A very important factor of videography while doing photography with another camera is, that you need to be aware of your additional video camera angle. Make sure the Paralenz camera is not pointing downwards too much. If it does, you risk to have the sunshield of your domeport or the edge of your flat port in the frame. At the same time you do not want it to be leveled with the horizon because it sits high up on top of your housing and you could miss part of the action that is going on in front of your photo camera lens that you are taking photos of. So you need to find exactly the right angle – not too high, not too low.
The best position of your action camera lens would be equal to the lens you are takin photos with. So the solution is to bring it as far to the front as possible. You can do this in many ways. Use an additional ball mount in between and bring it together with a ball to ball connector. The more you bring it to the front and down towards your photo lens the better. But of course, be aware, that there is the angle of your photo lens too. So if you shoot with a super wide angle or fish eye lens, don’t bring the Paralenz too close to the domeport.
While shooting, of course you want to prioritize whatever is your main focus on. Let’s assume this would be taking photos. Have in mind, that if you want to turn your camera housing to frame your shot upright, your video footage will hardly be usable later. Of course you could turn the upright shot in post production and crop it to your 16:9 or 4:3 or whatever format the rest of your footage has, but you will probably miss the core nation of the shot and of course parts of the resolution of your footage.
Keep in mind whenever your videocamera is running. Photographers tend to just hold their camera upright and stable while taking their still shots, the rest of the time, while swimming for example, they let it rest lower, hold it sideways – basically just don’t worry about it anymore. When they see a shot, they pick it up and shoot. All the produced video footage while doing that is wasted. So either way swim with your camera like you would film with the DSLR or youse the snap function of your Paralenz to produce little video files whenever you have your camera upright.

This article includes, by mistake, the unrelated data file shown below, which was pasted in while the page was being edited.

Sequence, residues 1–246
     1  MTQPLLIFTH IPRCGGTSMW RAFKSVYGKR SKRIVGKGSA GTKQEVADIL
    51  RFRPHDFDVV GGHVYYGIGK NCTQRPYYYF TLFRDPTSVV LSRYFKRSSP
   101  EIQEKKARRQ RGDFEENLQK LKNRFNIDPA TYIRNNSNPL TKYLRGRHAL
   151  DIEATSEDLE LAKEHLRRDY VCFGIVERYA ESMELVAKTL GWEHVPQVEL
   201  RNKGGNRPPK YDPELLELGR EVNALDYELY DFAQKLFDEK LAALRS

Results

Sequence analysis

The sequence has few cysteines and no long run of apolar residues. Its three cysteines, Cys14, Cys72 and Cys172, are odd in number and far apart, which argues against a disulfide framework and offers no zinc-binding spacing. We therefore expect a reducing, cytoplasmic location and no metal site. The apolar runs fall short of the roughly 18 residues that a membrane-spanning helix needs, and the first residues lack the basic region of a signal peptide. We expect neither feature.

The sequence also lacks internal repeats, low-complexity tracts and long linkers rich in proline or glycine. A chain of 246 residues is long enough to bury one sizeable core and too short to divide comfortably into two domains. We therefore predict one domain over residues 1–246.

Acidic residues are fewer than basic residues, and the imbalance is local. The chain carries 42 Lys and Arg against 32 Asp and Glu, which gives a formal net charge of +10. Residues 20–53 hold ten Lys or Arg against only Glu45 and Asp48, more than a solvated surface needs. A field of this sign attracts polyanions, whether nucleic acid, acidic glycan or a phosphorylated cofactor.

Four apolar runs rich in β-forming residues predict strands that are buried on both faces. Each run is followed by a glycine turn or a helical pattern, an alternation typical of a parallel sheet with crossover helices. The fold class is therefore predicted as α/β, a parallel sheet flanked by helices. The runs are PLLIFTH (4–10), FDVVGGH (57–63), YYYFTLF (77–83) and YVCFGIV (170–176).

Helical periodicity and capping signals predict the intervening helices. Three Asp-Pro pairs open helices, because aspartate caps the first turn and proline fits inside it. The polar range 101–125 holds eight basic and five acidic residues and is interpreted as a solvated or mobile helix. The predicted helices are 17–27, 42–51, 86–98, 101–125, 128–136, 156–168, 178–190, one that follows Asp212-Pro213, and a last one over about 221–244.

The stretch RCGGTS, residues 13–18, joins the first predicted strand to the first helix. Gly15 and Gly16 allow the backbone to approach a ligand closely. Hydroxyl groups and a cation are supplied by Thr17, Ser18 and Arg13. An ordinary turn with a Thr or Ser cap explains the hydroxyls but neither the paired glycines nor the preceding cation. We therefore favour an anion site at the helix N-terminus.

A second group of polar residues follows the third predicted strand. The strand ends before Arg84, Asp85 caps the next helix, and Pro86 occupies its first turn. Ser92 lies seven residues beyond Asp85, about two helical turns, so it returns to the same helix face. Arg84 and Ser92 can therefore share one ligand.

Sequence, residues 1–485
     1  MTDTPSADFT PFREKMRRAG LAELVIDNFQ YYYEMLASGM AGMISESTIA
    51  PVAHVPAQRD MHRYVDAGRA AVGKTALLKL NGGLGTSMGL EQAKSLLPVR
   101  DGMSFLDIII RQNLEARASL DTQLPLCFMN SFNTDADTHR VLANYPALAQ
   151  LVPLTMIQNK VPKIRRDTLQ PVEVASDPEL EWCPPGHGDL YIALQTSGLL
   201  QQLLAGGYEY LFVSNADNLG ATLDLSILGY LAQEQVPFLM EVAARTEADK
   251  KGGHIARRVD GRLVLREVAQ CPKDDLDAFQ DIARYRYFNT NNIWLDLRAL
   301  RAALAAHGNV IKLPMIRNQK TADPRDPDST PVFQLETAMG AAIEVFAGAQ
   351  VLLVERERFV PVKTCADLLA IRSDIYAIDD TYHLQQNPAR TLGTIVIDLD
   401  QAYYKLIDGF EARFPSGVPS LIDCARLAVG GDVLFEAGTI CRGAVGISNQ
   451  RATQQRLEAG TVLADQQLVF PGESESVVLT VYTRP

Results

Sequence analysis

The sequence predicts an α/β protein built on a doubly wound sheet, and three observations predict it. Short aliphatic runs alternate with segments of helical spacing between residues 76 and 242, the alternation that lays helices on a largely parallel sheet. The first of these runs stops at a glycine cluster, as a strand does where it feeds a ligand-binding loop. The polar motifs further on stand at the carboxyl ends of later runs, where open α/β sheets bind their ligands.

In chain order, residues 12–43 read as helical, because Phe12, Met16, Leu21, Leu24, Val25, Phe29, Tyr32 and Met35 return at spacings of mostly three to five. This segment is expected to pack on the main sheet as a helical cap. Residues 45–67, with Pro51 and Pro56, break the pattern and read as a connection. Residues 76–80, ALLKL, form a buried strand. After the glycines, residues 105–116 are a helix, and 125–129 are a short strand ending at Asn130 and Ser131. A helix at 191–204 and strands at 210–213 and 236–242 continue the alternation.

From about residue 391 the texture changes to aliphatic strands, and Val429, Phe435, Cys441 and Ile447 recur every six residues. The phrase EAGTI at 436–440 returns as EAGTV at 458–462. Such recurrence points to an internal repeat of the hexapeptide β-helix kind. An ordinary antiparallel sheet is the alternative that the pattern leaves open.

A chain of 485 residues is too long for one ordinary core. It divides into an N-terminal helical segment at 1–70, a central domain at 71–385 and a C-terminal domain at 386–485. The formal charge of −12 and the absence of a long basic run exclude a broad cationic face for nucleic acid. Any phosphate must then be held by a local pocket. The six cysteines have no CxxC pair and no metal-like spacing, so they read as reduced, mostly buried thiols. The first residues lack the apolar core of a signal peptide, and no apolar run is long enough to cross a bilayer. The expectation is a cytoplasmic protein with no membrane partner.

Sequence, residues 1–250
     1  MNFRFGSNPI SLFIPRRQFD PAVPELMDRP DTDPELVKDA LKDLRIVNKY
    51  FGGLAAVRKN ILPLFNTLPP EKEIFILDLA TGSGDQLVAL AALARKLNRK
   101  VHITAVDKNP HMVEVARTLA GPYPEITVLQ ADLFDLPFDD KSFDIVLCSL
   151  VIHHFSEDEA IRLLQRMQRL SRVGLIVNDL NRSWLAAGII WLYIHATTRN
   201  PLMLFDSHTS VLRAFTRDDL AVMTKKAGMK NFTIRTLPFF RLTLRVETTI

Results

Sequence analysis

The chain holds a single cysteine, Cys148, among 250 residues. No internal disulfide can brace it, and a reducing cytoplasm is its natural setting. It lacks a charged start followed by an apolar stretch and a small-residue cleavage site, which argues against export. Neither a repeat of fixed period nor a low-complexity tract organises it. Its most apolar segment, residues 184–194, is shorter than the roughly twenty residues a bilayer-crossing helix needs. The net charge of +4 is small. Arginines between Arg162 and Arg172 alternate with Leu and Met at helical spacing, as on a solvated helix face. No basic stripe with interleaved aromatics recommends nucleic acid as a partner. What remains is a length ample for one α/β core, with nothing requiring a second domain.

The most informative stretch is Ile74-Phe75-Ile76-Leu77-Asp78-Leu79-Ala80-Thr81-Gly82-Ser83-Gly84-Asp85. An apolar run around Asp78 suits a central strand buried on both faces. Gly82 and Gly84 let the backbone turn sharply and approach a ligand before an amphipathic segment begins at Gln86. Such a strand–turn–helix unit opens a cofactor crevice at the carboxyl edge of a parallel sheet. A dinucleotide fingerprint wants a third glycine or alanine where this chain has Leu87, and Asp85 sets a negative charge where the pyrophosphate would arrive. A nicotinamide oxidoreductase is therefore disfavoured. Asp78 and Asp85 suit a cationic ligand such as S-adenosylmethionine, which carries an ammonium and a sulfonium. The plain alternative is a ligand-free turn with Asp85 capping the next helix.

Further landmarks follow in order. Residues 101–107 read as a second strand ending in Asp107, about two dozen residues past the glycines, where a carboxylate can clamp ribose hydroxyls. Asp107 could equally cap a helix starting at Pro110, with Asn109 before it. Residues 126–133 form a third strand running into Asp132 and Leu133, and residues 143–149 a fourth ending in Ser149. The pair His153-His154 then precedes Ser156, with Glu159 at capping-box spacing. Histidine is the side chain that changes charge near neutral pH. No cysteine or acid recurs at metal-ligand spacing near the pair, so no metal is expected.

If you want to use your Paralenz video footage later and mix it in post production with other footage, make sure you use the same frame rate and resolution like the footage you want to mix it with. The DCC can help to bring the colors back, but only if the footage you wanna mix it with will either way be in RAW and editable in color correction or will be produced with proper white balancing. If lighting is involved, try to use similar light sources.
The Paralenz succeeded the involuntary field test and came in very handy in the dense jungles of Papua. It will definitely be on the next trip as well.
This article was written by Timo Dersch – journalist, editor, and photographer. His clients are media production companies publishing stories about traveling and outdoor experiences. His focus lies on scuba diving and related destinations. He is a member of the creative circle “Behind the Mask”.
Want to know more about this beautiful country? Check out the “Papua New Guinea – the land of the unexpected” Facebook Page.